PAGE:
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Related approaches


These are some other ideas and practices that are or can be consistent with egalitarianism and empowerment (Egem).

Love

Many are the words that are written about love with many different ideas about what it means. It provides endless material for stories to great romances. But how many of those stories lead to cruelty and possessiveness?

The Ancient Greeks are known for having different words for varieties of what is called love, and other cultures and other times have more ideas about what love is. These involve all sorts of complexes of feelings and actions. Many, many people the world over say they love someone but treat them appallingly.

It feels good to be loved and it is necessary. But that feeling is not love. Often, people have not experienced being loved enough or in ways they need to be loved. Then to be loved becomes a frozen need. They experience feelings like desire, infatuation, possessiveness, jealousy and will do all sorts of unhelpful things to try to get what they want.

Love is not a feeling, love is about what you do. To love someone is to accept them as they are and to support them to be more of what they, in enlightenment, would choose to be.

We do not have to like someone in order to love them, our aim is to love everyone.

The Golden Rule

This is a very good maxim for living, it can be stated in three different ways:

It can be found in most religions and ethical practices. The earliest know version is some 4000 years old in the Egyptian story of The Eloquent Peasant.

It is egalitarian in that “others” refers to anyone whoever they are.

If a person really knew what they wanted for themselves, an all wise version of themselves, they would want to be in their own power. The Golden Rule, and Egem, says that, therefore, we should help others to be more in their own power i.e. support them in their empowerment.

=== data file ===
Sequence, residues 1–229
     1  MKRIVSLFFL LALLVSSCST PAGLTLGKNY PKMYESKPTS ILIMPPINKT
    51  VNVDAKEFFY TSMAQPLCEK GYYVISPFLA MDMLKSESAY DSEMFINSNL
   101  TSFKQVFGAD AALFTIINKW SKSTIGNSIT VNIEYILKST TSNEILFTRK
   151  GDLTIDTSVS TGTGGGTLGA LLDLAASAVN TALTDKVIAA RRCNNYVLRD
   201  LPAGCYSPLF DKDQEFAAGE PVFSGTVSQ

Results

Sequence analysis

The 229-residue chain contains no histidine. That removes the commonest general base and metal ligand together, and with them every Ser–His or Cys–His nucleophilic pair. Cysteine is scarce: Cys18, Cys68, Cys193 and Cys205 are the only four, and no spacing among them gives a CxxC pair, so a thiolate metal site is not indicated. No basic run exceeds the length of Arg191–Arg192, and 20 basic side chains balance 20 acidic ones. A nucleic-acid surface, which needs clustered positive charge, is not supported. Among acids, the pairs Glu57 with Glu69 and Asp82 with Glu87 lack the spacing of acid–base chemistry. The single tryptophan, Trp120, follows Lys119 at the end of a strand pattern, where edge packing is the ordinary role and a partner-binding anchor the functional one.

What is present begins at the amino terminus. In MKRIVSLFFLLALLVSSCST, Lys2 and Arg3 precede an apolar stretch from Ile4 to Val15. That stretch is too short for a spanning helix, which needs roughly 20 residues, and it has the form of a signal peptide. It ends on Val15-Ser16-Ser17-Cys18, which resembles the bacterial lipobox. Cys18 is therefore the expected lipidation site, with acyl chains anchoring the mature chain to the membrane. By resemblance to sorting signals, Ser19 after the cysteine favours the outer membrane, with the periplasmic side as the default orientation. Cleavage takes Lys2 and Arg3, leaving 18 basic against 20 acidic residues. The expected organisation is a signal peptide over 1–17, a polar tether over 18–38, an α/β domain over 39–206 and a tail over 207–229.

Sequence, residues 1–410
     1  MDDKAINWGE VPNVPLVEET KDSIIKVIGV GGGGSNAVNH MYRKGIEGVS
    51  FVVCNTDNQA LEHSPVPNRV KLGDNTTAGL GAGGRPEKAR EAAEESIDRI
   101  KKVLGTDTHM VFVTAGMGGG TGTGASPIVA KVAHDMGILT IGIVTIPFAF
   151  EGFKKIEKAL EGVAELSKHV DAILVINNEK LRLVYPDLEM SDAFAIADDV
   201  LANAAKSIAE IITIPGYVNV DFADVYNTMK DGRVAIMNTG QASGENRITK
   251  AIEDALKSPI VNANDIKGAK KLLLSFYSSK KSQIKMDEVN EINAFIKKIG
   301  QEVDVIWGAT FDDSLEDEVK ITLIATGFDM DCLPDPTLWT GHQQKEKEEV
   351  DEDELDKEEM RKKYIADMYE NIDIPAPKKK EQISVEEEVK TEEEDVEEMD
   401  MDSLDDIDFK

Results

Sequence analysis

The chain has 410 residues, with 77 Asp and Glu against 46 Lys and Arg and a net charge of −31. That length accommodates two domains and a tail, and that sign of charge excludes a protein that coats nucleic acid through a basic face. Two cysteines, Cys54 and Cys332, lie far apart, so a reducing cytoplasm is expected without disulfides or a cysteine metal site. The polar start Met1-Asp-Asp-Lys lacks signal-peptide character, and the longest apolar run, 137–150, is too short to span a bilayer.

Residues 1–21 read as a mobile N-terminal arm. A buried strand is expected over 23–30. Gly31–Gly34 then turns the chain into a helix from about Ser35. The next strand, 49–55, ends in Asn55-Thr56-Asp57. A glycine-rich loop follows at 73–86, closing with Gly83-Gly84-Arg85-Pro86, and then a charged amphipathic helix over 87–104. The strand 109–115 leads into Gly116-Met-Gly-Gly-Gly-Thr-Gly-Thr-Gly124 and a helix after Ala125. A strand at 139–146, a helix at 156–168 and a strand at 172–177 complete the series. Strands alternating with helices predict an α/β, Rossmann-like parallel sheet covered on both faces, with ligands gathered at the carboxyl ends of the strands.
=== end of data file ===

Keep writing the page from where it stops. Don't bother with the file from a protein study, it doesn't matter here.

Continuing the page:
Caring

The meaning here is caring about the circumstances of other all other individuals on the planet and what happens to them. It is not necessarily caring for as a nurse cares for a patient.

This means helping others to help themselves and this can principally be achieved through empowerment.

When someone is having difficulty the first question is “Do we care?” The Egem answer is we do, so the next question is “What to do about it?” The more we are in our own power the more we can see that there are many possibilities.

Some of the answers are along the lines of caring for, like if someone is struggling with something on their garden we just pick up some tools and do it for them. Other answers involve thinking about how the person could solve their problem for themselves, from ways in which they could do the job themselves to ways of getting help.

So what do we choose to do? The Egem approach is always to be thinking about what another person will learn from what we do. Sometimes if it is something practical it may be a question of learning who to ask and how to ask. Sometimes, instead of doing something for someone we can get them to have a go themselves while we support them to learn how to do it.